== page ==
risked driving them into growing confrontation with neighboring
The Bush Administration’s
powerful neoconservatives opened all doors in Washington for India
after it became a close ally and major arms customer of Israel.
In fact, Israel has become India’s second largest supplier
of arms and military technology after Russia.
These same neocons have designated
China as America’s new enemy of choice - once Iran is destroyed.
They plan to use India as a weapon against both China and Pakistan,
whose nuclear arsenal is seen as a potential threat enemy of Israel.
The Indians are no fools. They
hope to use their new strategic alliance with the US to advance
their own very evident superpower ambitions. But Beijing must
view the new US-India alliance as a major national security threat,
and India as a primary enemy.
Moreover, far from promoting 'stability,’
as President Bush claimed, the US-India axis threatens to destabilize
Asia by re-igniting tensions between India and China that led
their Himalayan border war in 1962, as well as making Pakistan’s
position even more precarious.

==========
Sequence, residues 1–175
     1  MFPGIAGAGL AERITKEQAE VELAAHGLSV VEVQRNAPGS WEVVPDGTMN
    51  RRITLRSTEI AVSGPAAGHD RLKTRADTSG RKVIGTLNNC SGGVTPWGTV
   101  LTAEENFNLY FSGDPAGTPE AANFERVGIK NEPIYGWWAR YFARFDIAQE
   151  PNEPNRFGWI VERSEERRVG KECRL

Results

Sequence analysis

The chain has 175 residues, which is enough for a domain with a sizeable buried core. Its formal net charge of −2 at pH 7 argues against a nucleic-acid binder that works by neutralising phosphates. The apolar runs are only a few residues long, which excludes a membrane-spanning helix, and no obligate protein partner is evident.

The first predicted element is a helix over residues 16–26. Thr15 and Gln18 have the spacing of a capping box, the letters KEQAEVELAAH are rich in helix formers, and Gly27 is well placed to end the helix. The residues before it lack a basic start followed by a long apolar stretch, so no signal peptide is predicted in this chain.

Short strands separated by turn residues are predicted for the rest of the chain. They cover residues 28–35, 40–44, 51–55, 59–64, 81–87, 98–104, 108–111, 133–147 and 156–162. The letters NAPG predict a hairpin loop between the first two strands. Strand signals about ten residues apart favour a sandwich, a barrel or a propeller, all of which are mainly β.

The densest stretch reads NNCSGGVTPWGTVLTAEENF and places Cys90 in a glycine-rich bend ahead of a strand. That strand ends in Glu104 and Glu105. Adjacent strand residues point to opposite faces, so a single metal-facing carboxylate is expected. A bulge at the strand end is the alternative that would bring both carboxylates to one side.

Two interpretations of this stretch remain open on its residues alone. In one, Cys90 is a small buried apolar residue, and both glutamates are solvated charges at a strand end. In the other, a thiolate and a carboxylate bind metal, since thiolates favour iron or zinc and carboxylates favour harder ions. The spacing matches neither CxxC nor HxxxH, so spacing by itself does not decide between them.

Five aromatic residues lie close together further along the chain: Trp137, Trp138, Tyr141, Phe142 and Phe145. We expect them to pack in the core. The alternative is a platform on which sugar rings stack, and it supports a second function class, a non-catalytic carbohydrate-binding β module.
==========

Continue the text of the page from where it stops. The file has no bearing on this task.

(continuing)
But while the White House encourages
India’s nuclear power, it is moving closer to attacking
Iran’s nuclear infrastructure, as President Bush indicated
last week in a speech on Israeli TV.
intelligence estimates Iran would require 10 years to develop
nuclear weapons. But Israeli intelligence reportedly believes
Tehran could produce a nuclear warhead by 2006. So Israel has
been exerting intensive pressure on the Bush Administration through
its US supporters to destroy Iran’s nuclear plants. Pakistan
may be the next target.
Ironically, India, Pakistan, Israel
and North Korea all rejected UN nuclear inspection, and all developed
nuclear weapons. Taiwan and South Korea have all had secret nuclear
weapons programs. Iran has no nukes but is suspected of wanting
to develop them behind the cover of a civilian power program.
However, a UN nuclear agency report
last week confirmed Iran’s assertion that particles of enriched
uranium found by inspectors on some of its centrifuges were indeed
of Pakistani origin. This important finding was largely ignored
by the US media which has joined the neocons in agitating for
war against Iran.
resuming uranium enrichment for civilian purposes last week, Tehran
now faces sanctions or even war over what it might do in the future.
There are clearly no justice nor moral standards when it comes
to nuclear affairs.
The writer is a Canada-based Defense Analyst & Columnist
who contributes to several leading newspapers including Daily
Dawn, Karachi. Email: firstname.lastname@example.org